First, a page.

Moreover, as more details of the case emerge, it’s clear that SS&C Technologies failed to have even the most basic form of cybersecurity defenses in place. For example, one request from the hackers to wire $3 million into a Hong Kong bank account simply included a brief introduction (“How was your weekend?”), followed by details of where to wire the money. Other emails appeared to be coming from a clearly spoofed email address, with the name of the client misspelled as “Tilllage” instead of “Tillage.” Other emails included awkward syntax, grammatical errors, and nonsensical sentence construction. In short, it was the sort of shoddy, second-rate phishing email that is all too common these days. Surely, anyone with a modicum of common sense would have seen through this scam, right?
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And, to make things even more damaging from the perspective of AIG, was the fact that SS&C failed to comply with its own internal policy, which clearly stated that any wire bank transfer needed to be authorized by four different people. This is exactly the sort of basic cyber defense that could have prevented the fraudulent transaction from taking place – at some point, wouldn’t a senior executive or top manager see through these obvious cyber shenanigans and stop the wire transfer from taking place? Thus, from the perspective of AIG, SS&C Technologies failed to exercise even a modicum of care and responsibility. How could SS&C Technologies even argue that the funds were “lost” and not “stolen”?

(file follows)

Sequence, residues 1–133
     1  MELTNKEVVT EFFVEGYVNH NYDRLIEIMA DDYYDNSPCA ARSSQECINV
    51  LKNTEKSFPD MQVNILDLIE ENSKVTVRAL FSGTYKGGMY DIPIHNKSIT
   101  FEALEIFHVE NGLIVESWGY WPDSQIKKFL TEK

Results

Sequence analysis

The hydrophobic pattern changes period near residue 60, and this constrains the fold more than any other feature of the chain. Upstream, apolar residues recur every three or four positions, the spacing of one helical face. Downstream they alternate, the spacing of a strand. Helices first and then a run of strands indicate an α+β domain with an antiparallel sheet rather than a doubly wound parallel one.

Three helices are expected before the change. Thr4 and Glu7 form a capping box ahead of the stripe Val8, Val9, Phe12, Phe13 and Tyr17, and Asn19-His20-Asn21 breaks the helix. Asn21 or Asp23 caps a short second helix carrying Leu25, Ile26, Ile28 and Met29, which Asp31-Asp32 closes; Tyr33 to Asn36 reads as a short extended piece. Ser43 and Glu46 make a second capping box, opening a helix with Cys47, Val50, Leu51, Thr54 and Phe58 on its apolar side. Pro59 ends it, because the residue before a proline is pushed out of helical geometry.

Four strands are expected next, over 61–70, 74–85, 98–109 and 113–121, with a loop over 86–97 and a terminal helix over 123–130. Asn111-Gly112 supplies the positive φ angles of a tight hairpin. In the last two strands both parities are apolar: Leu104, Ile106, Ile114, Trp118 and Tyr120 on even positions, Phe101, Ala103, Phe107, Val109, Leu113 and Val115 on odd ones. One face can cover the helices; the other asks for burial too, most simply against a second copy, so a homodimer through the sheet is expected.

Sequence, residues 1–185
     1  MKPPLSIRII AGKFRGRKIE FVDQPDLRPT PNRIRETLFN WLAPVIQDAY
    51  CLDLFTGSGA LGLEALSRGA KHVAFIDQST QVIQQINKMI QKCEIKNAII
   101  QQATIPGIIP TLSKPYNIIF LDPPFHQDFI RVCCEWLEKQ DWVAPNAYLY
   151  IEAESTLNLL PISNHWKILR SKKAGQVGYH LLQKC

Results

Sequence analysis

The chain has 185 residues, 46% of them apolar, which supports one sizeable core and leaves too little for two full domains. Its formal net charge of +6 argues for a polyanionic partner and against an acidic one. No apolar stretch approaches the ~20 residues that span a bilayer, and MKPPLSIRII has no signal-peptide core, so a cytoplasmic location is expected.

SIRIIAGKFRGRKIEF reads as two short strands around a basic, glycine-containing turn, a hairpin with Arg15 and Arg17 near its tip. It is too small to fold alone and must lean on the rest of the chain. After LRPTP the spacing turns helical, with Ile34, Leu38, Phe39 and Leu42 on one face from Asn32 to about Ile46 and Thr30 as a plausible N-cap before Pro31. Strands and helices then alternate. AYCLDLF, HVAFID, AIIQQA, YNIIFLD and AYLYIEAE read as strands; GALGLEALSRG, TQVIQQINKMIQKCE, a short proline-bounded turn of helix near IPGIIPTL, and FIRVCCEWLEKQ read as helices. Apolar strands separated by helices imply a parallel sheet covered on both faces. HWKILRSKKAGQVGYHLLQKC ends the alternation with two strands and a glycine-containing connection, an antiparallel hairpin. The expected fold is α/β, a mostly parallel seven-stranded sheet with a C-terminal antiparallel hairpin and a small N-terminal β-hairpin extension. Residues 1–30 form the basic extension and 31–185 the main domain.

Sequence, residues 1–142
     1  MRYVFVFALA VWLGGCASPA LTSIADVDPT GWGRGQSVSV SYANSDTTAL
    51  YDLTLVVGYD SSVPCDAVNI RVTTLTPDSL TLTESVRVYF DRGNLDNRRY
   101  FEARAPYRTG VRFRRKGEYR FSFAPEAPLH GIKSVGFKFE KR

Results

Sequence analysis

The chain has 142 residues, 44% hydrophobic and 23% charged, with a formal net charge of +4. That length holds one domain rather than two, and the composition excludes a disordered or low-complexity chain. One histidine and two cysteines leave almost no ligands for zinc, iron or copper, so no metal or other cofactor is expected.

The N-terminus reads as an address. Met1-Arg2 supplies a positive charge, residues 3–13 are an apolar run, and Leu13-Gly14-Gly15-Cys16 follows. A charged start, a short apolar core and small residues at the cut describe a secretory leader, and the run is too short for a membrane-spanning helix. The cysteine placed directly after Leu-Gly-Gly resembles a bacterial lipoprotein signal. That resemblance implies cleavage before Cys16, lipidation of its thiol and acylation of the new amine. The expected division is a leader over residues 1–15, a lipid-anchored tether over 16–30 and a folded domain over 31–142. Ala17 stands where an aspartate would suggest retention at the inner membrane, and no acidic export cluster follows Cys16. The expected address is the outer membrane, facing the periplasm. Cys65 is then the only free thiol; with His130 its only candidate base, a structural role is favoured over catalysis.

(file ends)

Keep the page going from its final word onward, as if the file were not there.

Cyber insurance companies look for new ways to avoid paying claims